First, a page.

stars over coleman lodges

Basic Guide to Stargazing

Winter holds some of the best stargazing of the year. Although it is cold out, the reward of seeing some of the clearest stars of the year is well worth the effort. This is partly due to the cold air, which holds less moisture than warm air, making the sky much less hazy than the rest of the year. Long nights will also work in your favor, the sky gets fully dark at a reasonable hour, so there’s no need to lose any sleep.

To make the most of these great conditions while you can, here are a few basics to get you started:

1. Clear, moonless night

The best time to see the stars is when the moon is small in the sky. Like near a new moon! The next new moon is on March 13th. You’ll be able to see the stars in the sky, without the distraction of the moon’s glow for the next several weeks.

Also, avoid clouds in the sky. You can use this clear sky chart to see when conditions are best.

Winter night sky over The Lodges at Coleman State Park

2. Open sky

Next, you’ll want to have an open sky, with nothing blocking your view. Find a spot that is devoid of too many trees, tall buildings, or anything blocking your ability to see the sky. Try a backyard or an open area at a state park. Any place will do, as long as you can see the wide open sky.

Night sky over Catamount Pond, Bear Brook State Park

3. Avoid lights

Lights are a major deterrent to seeing the stars. Find a spot far from a city; as big cities emit massive amounts of light pollution. If in a city, try to avoid artificial lights on the outside (or inside) of buildings/houses and street lights. The more light, the less apparent the stars are.

This also means no cell phones! If you need to use a light while stargazing, try a red light. Red lights give you light to see and let you eyes see the stars.

Once at your stargazing location, take some time to let your eyes adjust to the darkness. This may take awhile, but the longer you’re in the dark the more stars you’ll see.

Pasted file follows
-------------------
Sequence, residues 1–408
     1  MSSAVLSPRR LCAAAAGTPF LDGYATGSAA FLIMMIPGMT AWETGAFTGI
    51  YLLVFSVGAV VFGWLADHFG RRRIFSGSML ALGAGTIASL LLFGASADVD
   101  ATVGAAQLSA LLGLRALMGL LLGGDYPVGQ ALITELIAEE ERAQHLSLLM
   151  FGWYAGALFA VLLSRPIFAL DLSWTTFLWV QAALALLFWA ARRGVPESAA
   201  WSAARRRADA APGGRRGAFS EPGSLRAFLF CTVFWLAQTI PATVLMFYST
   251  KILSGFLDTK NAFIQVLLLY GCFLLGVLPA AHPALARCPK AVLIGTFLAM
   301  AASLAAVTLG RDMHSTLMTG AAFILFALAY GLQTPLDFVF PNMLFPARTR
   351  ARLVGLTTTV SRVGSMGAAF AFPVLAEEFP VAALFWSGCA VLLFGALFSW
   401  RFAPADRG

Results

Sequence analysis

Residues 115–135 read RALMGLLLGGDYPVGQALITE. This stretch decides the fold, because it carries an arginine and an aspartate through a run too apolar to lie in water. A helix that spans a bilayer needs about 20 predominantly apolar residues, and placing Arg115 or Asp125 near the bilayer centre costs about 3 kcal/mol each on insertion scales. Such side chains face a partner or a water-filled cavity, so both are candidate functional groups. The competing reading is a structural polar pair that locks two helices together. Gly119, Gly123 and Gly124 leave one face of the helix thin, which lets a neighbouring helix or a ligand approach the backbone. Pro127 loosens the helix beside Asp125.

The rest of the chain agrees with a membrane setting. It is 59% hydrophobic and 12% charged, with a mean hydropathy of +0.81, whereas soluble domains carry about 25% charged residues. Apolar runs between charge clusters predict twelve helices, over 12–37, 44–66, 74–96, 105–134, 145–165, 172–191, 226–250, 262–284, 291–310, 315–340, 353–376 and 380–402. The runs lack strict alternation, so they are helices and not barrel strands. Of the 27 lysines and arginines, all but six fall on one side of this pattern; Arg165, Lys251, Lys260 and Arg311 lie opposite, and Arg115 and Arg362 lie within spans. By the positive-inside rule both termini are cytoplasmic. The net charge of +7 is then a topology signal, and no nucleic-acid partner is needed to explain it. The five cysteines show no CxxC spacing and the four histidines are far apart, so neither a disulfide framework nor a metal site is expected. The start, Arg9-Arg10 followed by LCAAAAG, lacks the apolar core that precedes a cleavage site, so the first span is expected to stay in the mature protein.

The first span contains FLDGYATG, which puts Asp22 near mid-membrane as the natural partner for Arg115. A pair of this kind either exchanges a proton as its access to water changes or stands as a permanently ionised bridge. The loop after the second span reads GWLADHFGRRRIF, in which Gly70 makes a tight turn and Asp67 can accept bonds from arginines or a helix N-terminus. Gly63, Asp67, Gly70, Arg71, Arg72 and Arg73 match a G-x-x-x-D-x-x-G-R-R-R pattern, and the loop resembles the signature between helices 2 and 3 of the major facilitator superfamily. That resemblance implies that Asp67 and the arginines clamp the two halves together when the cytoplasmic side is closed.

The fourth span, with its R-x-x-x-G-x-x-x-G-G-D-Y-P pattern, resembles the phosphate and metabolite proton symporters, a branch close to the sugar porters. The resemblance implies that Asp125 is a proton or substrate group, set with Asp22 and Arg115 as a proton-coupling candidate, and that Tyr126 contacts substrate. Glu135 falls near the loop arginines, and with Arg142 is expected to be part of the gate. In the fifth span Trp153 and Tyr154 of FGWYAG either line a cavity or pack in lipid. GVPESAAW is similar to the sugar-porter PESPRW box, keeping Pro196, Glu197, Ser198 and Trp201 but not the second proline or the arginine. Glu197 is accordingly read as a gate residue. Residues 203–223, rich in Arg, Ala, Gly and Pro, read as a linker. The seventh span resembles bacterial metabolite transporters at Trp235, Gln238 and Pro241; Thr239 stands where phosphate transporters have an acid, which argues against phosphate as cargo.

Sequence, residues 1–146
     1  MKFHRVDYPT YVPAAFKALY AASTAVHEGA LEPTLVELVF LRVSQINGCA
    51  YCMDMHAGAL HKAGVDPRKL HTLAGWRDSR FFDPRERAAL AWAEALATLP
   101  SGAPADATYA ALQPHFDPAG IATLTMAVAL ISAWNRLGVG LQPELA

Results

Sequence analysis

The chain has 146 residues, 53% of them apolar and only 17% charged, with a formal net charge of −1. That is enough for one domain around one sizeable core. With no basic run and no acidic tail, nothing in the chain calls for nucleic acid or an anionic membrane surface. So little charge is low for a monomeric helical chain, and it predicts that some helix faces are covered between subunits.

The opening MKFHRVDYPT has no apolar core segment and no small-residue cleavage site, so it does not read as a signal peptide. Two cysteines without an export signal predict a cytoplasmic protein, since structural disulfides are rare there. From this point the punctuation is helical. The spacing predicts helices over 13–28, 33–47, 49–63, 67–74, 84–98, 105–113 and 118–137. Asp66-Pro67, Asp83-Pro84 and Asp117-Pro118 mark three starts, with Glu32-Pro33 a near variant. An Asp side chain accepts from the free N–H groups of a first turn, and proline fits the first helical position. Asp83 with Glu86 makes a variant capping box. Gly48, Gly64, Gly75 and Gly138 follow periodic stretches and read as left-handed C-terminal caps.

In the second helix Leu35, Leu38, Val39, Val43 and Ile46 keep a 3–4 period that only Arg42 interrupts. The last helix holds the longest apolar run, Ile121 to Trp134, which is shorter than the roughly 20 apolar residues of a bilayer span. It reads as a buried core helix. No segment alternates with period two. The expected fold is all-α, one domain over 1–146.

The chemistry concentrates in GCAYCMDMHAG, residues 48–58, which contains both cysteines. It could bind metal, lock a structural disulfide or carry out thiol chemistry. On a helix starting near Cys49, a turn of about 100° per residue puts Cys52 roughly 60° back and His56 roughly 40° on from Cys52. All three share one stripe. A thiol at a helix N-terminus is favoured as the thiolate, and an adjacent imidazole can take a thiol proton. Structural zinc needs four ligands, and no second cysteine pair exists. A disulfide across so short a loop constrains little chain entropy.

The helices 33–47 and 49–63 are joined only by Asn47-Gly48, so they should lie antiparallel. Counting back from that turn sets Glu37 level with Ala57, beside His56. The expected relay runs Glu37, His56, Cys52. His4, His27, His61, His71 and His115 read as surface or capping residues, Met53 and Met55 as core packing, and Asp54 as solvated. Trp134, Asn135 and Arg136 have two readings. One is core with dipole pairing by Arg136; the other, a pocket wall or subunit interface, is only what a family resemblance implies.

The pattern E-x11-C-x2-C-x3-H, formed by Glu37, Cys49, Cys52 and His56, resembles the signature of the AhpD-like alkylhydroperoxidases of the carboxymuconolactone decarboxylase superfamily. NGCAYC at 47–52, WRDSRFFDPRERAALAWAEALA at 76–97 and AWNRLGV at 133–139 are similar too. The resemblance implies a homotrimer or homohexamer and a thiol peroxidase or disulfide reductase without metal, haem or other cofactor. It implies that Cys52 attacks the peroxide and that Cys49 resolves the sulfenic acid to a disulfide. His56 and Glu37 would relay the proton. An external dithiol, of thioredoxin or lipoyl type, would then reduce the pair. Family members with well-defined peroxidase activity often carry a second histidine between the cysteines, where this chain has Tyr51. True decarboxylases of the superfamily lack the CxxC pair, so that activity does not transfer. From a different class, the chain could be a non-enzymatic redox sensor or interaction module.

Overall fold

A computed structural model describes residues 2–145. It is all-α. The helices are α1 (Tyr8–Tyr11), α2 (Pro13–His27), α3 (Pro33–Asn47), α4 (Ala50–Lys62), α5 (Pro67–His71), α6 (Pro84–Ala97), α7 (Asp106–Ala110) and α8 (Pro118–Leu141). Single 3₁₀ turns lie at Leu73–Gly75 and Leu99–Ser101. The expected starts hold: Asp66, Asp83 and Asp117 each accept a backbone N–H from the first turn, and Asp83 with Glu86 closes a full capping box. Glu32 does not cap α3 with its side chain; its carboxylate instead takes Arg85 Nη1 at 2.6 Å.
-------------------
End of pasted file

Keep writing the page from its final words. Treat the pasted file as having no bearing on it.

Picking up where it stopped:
Cannon Mountain, Franconia Notch State Park

4. Water and snacks

Stay hydrated and bring snacks to sustain you on your adventure! These will help you stay outside to look at the stars for as long as you can!

Not much light pollution in our North Country parks: Coleman State Park

5. Layers

Winter is a great time to go stargazing because the long nights allow for more time outside. But this also means it’s cold out! Make sure you have hats, coats, gloves, and several blankets to stay warm. Winter is a good time to spot the constellation Orion! Spot him in the southwest sky around 10pm.

Pre-dawn at Clough State Park

6. Star Guide/Sky Wheel

This is not necessary for stargazing. But having a star guide/sky wheel can help you learn where the constellations are in the sky, and the stories/myths behind them. If you aren’t looking to buy a guide, check one out from your local library or use this online sky chart before you venture outside.

You don’t need to be an expert to enjoy the stars. Once you find a dark place, take some time to look up at the cosmos. Find the popular Big Dipper/Ursa Major, the hunter Orion, or simply sit back and enjoy the view.

Star Wheel & Guide
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Discover Power of Parks SCA Interpreters

Discover the Power of Parks is presented by New Hampshire State Parks in collaboration with the Student Conservation Association and made possible by generous financial support from Eversource. The program offers a look into the natural world through hands-on programming. Interpretive programs focus on connecting participants with nature and building appreciation for New Hampshire's unmatched natural heritage. Programs include guided hikes, interpretive tours, and imaginative environmental workshops for children and families. Programs are offered free to guests with paid park admission fee. No pre-registration is required.

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